Lately church has been giving me ALL the feels.
I’m not sure if its my over-tired body breaking down on a Sunday night or what, but the past few sermons have found me wiping away a tear or two– if not ugly-crying into my hands–during the closing worship.
Whether it is the words from the message resonating in my heart, difficult decisions bubbling up and tugging at the corners of my being, or feeling generally overwhelmed by it all, everything I push away during the week usually spills over during these quiet moments.
Last Sunday night I was exhausted from the excitement of the weekend while deeply saddened it was over (why do those dang-good nights fly by so fast??). Mentally and physically I was drained, and I found myself nodding off over and over again during what was actually a pretty amazing sermon on transformation.
I sat there after the closing, fighting to stay awake during worship, fighting to find something that resonated, when one of the pastors interrupted the song.
“Sure, we struggle,” he said, “We bring our burdens to the Lord. We can ask him for what we need. But do you know this? It is okay to go to him with just praise.”
It was a shot to the heart. In that very moment on a sleepy, rainy Sunday, I realized I didn’t always have to find the fight in every situation. I didn’t have to glean the lesson from every wound and scar. I didn’t have to strive for better or seek a path to get there.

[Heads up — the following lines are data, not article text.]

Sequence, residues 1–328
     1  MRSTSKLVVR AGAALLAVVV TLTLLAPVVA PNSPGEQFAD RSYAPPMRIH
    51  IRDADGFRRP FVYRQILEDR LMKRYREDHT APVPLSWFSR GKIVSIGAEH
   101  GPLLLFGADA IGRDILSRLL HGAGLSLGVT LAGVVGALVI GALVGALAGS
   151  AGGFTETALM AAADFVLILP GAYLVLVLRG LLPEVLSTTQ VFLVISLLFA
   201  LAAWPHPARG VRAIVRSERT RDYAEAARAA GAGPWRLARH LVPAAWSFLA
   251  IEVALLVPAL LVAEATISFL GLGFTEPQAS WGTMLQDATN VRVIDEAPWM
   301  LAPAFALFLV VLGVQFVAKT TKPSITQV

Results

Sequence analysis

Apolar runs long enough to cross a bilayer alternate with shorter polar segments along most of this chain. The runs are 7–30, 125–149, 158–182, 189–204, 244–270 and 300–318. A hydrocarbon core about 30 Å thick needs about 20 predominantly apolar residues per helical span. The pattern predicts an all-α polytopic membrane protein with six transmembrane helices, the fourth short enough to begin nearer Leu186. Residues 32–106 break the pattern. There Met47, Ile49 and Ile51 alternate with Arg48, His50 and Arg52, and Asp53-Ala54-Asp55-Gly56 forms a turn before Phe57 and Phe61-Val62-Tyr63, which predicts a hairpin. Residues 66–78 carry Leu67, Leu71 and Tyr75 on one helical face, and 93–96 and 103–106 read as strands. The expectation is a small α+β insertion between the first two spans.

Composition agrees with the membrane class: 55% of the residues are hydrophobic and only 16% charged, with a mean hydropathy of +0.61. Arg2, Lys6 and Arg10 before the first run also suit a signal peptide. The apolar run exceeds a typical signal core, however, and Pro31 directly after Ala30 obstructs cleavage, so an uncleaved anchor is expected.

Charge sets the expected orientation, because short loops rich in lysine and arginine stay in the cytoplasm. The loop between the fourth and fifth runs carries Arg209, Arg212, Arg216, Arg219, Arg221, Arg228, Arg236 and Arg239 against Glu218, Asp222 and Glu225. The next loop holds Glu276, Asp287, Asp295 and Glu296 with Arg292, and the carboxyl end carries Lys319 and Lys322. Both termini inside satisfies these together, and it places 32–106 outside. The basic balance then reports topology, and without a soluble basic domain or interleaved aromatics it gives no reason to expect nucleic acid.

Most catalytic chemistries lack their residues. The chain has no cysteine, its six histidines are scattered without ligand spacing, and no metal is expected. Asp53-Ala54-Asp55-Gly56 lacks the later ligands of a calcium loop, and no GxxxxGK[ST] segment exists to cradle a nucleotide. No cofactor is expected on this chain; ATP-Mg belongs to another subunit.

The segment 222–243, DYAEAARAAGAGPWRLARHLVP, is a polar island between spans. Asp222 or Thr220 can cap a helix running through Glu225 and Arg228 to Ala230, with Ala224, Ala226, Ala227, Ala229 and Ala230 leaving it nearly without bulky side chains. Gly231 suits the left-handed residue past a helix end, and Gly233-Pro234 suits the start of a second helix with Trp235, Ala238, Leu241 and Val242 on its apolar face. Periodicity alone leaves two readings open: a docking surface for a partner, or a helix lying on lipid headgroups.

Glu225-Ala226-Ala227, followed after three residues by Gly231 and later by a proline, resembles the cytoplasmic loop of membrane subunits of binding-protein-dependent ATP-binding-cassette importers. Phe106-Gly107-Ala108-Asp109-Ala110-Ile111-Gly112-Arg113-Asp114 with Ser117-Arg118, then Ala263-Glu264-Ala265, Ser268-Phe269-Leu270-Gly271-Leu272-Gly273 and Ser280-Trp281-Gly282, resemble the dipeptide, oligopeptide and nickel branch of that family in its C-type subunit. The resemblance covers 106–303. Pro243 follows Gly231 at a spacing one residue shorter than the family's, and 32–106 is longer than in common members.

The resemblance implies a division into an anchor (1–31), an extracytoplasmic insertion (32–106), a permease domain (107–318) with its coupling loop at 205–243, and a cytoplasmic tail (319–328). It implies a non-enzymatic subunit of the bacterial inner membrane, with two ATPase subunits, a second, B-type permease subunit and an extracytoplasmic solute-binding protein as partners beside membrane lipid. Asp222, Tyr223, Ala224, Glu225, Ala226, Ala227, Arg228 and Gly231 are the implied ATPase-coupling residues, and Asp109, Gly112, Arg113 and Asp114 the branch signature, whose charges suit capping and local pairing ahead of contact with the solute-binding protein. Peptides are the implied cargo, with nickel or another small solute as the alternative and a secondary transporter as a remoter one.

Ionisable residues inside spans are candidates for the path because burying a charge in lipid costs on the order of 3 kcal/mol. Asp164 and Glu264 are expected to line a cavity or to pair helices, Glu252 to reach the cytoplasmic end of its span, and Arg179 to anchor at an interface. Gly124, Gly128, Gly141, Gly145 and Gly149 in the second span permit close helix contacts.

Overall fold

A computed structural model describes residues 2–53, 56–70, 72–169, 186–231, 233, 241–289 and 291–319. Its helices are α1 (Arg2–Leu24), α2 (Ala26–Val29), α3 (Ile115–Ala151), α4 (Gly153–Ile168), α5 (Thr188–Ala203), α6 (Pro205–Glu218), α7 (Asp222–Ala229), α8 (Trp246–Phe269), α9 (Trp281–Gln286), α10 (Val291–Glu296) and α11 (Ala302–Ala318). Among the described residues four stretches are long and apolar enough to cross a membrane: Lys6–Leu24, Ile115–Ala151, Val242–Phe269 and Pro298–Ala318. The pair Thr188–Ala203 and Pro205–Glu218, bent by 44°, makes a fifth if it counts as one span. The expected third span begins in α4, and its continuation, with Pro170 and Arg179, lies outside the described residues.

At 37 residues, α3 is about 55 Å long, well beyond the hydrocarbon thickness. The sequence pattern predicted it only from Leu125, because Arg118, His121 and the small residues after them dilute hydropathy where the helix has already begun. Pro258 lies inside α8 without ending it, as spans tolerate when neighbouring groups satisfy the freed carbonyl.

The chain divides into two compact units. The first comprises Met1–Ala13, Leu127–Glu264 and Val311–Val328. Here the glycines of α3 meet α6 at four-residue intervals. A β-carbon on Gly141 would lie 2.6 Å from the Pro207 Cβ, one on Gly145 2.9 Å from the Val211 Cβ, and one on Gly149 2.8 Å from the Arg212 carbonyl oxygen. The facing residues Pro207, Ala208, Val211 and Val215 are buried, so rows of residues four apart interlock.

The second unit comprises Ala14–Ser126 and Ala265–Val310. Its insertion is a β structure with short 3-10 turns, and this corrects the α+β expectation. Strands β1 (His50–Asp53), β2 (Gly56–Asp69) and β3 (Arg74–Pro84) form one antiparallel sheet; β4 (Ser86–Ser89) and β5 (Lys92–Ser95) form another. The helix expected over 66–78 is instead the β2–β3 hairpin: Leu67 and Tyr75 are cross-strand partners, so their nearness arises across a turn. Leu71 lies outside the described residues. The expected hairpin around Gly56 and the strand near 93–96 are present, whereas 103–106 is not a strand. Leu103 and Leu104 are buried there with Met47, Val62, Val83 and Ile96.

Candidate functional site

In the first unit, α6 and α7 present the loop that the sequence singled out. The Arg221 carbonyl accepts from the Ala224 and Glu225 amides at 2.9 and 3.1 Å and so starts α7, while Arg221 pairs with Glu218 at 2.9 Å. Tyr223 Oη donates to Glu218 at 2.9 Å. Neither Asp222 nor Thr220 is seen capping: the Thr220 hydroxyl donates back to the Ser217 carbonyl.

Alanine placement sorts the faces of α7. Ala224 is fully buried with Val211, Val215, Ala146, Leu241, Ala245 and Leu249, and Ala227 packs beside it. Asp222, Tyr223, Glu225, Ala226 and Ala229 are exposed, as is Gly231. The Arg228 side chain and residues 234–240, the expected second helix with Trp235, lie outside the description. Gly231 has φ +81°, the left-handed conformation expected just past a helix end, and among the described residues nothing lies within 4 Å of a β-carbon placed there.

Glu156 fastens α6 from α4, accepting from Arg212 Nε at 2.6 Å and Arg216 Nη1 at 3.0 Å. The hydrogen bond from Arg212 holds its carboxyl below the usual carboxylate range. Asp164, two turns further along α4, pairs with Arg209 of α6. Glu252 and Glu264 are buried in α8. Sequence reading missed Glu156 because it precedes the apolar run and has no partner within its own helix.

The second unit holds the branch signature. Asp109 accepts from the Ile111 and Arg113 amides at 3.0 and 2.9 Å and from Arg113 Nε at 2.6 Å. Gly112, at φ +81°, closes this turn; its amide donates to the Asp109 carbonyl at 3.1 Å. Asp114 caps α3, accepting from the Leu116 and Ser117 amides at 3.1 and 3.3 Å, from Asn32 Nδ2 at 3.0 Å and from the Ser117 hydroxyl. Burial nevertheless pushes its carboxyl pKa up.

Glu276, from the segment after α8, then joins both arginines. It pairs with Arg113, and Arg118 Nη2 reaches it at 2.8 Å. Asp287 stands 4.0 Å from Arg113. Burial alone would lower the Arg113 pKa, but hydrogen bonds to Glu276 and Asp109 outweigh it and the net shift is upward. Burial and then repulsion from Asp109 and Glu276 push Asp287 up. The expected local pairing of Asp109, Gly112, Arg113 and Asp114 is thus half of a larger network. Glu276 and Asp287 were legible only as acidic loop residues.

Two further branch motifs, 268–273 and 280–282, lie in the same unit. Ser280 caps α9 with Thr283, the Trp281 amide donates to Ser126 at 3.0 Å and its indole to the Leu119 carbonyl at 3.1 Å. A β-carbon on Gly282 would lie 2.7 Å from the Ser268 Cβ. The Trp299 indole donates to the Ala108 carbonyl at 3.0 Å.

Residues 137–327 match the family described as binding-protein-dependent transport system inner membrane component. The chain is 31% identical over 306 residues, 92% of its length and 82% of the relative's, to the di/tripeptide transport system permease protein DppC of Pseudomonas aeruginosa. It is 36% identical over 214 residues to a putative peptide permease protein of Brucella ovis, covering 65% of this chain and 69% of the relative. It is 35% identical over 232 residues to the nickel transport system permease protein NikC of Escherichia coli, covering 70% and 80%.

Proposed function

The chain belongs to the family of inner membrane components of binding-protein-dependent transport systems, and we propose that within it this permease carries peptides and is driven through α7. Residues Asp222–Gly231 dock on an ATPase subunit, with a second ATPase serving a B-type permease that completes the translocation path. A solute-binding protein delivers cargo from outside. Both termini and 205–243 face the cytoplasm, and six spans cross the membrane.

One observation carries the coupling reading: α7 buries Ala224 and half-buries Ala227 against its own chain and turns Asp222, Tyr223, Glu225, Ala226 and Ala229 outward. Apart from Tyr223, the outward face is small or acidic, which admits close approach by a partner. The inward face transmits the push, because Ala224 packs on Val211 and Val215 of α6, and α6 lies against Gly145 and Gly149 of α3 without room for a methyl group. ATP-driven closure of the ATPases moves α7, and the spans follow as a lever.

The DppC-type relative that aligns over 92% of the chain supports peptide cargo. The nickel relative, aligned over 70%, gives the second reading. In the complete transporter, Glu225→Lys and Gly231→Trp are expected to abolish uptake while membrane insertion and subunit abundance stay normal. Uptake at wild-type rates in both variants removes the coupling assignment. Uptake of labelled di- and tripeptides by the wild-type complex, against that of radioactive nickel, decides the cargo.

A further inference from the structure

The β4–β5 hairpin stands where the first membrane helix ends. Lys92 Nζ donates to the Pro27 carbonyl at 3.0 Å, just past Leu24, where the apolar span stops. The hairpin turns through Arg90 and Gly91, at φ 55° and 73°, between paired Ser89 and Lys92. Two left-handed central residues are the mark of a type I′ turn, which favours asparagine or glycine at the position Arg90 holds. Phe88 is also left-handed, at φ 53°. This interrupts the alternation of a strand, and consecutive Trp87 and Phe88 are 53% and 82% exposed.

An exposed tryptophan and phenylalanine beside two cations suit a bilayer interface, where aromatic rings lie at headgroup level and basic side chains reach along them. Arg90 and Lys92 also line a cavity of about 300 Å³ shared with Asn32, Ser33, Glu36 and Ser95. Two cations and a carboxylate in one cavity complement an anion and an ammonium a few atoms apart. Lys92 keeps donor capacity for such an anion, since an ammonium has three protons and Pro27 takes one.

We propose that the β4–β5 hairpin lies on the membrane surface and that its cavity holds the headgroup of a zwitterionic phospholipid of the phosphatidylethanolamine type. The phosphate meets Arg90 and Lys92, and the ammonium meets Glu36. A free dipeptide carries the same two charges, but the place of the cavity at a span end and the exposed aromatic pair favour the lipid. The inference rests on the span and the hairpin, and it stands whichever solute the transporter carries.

Instead some nights I am invited to just open my hands and praise. Simply praise.
We have burdens and battles, sorrows aplenty. But instead of carrying them around all the time and sinking slowly into the ground under the weight of the hustle, we are invited to gently lay them aside, if only for a little–
and just praise.
We’re given the opportunity to lift up our hands, to open our eyes a bit wider to the blessings in our lives, to say thank you and instead be filled with the joy and excitement and pure elation that comes from being alive, accepted, and home.
So this Thanksgiving, wherever you are, whomever you are with, look around the table. Find gratitude in the plate heaping with food, cup filled to the brim with wine (or cranberry margaritas for our crew), in the warmth of the bodies around you, in the golden glow of the candles and the snow or desert heat or coastal breeze outside your door.
In the tap-tap of your heartbeat against the bones in your chest, in the souls on the other end of the phone line, the ones who can’t be where you are on this night. In the fuzzy dog laying across your tired feet. Just praise.
I’m not saying this to belittle your circumstances. No. We all face darkness I know we would rather not.
Instead I am asking us all–and giving myself permission in the process–to simply lay it to rest for one night, and praise.
Happy Thanksgiving, my friends.
15 And let the peace of Christ rule in your hearts, to which indeed you were called in one body. And be thankful. 16 Let the word of Christ dwell in you richly, teaching and admonishing one another in all wisdom, singing psalms and hymns and spiritual songs, with thankfulness in your hearts to God. 17 And whatever you do, in word or deed, do everything in the name of the Lord Jesus, giving thanks to God the Father through him.